Eastern Red Colobus (Procolobus rufomitratus) mother and young, Kibale National Park, western Uganda

Eastern Red Colobus (Procolobus rufomitratus) mother and young, Kibale National Park, western Uganda (endangered species)

Another great year, which always gives me enthusiasm for making next year even better!

How about you, anything particular that you photographed in 2014 that you are really happy/proud of?

African Leopards in Gabon

Getting a picture of African Leopards in Gabon is not the same as anywhere else on the African continent. Unlike South Africa or Kenya, in Gabon you can’t sit in a safari vehicle and hope it emerges from the brush. This is the rainforest. Think super dense seven foot understory plants that make it impossible to see anything, times ten. Finding a leopard is nearly impossible. The biologists studying these cats deal with it on a daily basis. Phillip Henschel and Laila Bahaa-el-din brave, and I mean brave (to be explained soon) these challenges.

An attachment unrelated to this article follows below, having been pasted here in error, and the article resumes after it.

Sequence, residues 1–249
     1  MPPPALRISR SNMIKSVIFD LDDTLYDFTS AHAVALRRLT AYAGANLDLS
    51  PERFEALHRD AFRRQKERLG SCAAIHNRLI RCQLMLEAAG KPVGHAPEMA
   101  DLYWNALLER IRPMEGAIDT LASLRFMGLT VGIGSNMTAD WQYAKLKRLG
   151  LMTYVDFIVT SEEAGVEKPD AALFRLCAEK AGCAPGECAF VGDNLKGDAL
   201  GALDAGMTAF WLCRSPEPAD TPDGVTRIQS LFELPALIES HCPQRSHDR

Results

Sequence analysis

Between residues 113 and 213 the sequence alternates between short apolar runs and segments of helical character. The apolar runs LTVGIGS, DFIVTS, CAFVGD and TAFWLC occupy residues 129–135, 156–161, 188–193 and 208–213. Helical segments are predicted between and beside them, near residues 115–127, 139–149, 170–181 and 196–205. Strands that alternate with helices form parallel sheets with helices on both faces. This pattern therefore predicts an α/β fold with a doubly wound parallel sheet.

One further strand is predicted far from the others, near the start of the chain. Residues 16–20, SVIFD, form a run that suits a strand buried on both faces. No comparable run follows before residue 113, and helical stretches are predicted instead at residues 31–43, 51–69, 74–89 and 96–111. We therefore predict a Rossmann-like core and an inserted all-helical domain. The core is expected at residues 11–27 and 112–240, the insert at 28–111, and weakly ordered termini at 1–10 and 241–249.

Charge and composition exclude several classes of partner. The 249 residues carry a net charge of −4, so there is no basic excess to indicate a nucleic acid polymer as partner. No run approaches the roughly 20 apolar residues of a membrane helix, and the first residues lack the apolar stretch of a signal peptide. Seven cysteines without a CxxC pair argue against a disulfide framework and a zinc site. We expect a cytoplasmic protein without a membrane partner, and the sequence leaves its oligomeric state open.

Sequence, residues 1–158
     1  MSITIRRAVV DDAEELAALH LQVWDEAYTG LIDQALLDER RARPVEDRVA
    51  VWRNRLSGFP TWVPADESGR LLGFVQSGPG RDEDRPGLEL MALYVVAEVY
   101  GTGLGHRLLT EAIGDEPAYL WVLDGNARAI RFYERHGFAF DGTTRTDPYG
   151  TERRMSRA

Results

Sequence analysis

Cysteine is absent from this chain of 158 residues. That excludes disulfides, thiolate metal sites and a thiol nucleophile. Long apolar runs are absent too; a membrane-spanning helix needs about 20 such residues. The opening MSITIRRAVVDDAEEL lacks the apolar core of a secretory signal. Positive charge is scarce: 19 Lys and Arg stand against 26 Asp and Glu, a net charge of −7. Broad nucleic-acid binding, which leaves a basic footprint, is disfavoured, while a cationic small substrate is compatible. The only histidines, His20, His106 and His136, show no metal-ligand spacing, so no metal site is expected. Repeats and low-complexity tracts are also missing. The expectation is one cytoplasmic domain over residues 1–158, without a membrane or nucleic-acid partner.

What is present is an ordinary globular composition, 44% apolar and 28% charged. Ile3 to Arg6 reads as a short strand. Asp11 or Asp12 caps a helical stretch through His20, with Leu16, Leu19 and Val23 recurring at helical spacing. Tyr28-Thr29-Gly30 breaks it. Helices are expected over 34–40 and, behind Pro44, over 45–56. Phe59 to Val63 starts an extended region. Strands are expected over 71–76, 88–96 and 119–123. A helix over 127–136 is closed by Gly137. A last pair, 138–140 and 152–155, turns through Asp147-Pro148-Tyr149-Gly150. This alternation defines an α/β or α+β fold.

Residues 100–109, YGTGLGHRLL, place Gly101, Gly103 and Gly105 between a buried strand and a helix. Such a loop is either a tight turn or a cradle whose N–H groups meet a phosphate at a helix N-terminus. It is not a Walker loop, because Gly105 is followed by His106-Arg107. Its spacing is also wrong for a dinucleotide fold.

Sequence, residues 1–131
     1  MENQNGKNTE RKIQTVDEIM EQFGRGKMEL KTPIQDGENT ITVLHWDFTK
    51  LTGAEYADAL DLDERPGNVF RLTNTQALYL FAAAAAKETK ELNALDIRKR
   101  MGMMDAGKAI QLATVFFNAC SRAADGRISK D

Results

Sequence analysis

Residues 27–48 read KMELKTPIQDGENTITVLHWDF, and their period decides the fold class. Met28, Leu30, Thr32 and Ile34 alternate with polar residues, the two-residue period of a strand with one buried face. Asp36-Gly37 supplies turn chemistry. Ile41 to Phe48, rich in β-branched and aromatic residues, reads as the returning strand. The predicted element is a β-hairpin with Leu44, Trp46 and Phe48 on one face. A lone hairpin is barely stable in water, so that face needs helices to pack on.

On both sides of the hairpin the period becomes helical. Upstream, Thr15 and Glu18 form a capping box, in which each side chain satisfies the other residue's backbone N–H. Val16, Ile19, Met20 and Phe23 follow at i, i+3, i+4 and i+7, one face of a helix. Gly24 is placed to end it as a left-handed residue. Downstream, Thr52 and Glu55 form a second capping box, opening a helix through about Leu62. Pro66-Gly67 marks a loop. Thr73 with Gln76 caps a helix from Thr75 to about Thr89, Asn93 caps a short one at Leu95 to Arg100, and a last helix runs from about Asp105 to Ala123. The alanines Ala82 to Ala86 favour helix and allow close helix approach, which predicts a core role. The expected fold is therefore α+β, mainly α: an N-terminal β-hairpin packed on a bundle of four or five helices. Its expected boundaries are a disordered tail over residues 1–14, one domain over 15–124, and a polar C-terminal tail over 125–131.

Does this look dense enough?

Tropical rainforest, Lope National Park, Gabon

Tropical rainforest, Lope National Park, Gabon

How about now?

Tropical rainforest, Lope National Park, Gabon

Tropical rainforest, Lope National Park, Gabon

We are in Lope National Park in Gabon where Laila has been conducting her research for the past three months. Phil was nice enough to pick me up from the airport and bring me here along with all of the equipment. Being in their company makes me feel confident that we will get a picture of the big cat, these two know what they are talking about.

On the first evening, we do a quick drive around in the savanna habitat bordering the rainforest. This isn’t Phil or Laila’s first time to the rodeo and it doesn’t take long before they spot Leopard tracks along the road.

African Leopard (Panthera pardus) tracks on dirt road next to tire marks, Lope National Park, Gabon

African Leopard (Panthera pardus) tracks on dirt road next to tire marks, Lope National Park, Gabon

My confidence grows, later that night they show me video footage they got with trail cameras that show leopards along river banks. Even more reason to think that this may be possible.